Since I was a kid I have been interested in different concepts of time (thanks to Robert Zemeckis). Even today questions like linear vs cyclic time or single vs multiple timelines are very central to my music. Yesterday I watched a documentary about the Antikythera mechanism and was reminded of the amazing possibilities of today’s technology in modeling multiple timelines.
The Tuvans have a special way to think about time. While in the Western world it is common to think of future as being infront of of us, in the Tuvan worldview the future is behind us. So, instead of looking back to what I did last year, I could take a Tuvan look behind my shoulder to see what’s coming next.
In 2013 I did one major project: the Kumea Sound album. It was a huge effort in trying to combine my street music to my background as an electronic musician. To be honest, I had probably too many ideas, but in the end I had an album ready that I’m happy with. That said, it does feel more like a beginning than an end-product.
Probably my two favourite tracks of the album are Tantra and Frog’n’Bell. They both have a structure that is seemingly simple. They are looping, circular compositions that evolve hardly at all in terms of melody, rhythm or harmony. They twirl around same themes and only a few new elements are introduced throughout the tracks. What makes them special to me is how they combine a cyclic element with a linear element. Their structure seems free and defined at the same time.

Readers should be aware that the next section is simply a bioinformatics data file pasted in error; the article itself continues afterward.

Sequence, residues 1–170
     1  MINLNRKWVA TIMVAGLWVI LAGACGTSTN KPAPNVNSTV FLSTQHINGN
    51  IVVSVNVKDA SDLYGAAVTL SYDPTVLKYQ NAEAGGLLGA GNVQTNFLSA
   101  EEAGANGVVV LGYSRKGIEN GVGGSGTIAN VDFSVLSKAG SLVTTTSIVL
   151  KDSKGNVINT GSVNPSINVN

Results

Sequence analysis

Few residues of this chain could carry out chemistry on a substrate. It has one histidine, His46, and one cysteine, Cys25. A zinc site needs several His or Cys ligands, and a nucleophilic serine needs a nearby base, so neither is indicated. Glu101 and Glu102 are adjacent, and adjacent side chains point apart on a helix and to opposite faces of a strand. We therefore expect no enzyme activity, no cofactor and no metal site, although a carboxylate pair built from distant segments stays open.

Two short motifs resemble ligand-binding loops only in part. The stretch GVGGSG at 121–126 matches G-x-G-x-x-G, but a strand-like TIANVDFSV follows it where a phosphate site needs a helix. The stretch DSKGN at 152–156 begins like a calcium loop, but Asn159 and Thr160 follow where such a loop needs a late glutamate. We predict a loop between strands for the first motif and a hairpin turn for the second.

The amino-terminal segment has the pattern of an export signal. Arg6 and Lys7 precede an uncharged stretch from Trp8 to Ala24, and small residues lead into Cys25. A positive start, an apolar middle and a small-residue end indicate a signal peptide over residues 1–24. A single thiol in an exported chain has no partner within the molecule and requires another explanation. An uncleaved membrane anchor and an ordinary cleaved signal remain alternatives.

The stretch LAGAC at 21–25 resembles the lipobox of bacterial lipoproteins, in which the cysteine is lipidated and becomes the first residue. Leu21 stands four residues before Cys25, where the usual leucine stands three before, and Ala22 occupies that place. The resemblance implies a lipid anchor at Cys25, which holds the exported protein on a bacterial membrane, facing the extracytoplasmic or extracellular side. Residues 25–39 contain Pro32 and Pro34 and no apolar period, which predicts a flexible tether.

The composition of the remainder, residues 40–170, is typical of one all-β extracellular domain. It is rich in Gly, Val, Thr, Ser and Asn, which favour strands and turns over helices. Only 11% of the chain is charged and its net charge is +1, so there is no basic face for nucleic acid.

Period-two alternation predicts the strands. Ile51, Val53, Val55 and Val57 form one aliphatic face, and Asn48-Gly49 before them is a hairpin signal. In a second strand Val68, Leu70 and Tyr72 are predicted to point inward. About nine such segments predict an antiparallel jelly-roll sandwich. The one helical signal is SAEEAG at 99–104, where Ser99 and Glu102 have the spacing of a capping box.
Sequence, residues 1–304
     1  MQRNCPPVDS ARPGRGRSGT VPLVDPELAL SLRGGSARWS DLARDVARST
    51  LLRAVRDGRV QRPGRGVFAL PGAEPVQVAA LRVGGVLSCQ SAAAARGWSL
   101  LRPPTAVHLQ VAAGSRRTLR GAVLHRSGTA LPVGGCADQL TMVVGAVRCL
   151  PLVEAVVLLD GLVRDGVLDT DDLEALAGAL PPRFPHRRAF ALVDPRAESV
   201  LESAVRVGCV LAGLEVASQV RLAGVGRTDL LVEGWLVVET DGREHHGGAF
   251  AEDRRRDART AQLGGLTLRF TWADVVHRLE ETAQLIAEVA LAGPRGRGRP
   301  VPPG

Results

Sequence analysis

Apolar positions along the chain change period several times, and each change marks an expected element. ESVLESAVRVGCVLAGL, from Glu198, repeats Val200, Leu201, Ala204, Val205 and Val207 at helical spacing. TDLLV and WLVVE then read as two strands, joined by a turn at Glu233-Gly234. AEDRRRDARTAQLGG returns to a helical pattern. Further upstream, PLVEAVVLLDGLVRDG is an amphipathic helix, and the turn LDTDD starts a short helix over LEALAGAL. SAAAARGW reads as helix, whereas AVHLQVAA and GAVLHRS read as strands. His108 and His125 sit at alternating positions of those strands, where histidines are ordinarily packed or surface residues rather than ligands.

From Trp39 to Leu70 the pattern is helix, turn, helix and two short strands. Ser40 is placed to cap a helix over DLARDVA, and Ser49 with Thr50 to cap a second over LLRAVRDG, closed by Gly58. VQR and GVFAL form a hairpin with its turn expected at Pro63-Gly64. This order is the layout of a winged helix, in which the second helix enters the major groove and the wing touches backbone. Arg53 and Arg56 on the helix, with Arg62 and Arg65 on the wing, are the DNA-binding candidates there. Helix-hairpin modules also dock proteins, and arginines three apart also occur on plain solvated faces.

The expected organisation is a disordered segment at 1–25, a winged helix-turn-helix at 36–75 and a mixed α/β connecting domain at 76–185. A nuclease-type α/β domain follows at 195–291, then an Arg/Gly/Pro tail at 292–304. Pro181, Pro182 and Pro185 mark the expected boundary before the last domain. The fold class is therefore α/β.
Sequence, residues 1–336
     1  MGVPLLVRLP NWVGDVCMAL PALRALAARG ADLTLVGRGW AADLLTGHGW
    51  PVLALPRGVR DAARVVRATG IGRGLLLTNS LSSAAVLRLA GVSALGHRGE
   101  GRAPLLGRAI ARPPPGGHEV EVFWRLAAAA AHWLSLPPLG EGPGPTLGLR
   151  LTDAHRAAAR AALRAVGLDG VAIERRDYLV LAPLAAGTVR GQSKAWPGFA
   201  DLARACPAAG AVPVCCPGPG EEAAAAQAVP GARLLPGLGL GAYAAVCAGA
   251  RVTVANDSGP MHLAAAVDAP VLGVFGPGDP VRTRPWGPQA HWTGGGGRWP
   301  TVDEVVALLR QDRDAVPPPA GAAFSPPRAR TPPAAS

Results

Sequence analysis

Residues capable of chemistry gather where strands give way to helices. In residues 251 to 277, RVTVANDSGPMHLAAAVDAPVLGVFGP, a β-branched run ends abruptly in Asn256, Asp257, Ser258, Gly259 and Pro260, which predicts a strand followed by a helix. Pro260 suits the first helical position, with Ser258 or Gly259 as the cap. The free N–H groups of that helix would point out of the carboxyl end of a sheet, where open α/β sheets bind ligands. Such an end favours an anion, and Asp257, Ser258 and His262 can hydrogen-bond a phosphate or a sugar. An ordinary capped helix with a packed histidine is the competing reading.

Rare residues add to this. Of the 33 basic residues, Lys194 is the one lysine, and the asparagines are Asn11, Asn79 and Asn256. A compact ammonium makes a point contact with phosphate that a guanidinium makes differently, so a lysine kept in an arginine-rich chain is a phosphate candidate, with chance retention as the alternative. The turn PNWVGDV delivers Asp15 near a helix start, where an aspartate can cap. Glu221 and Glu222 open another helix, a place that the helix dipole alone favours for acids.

Some of Brian Eno’s classic ambient works are more cyclic than linear. William Basinski used tape loops, but added a linear dimension to the compositions by capturing their gradual decay process while playing them back. Would it be possible to add even more timelines? On a record, maybe, but what about during a live performance? What about sound installation?
The Antikythera mechanism allowed the Greek to study multiple timelines of celestial objects in a single mechanical composition. With the machine it was possible to view circular timelines next to each other and observe their relation on a linear timeline. But psychological time is different. The logic of the heart is different. My ultimate aim is to combine the mathematical elegance of the Antikythera mechanism with the chaotic soul particles, not by fusing them into one singular object, but by letting them co-exist within a same space… I have some ideas what this could be in practice. You’ll see.
Ok, back to work! I’ll announce some extremely interesting Helsinki-based sound art projects soon!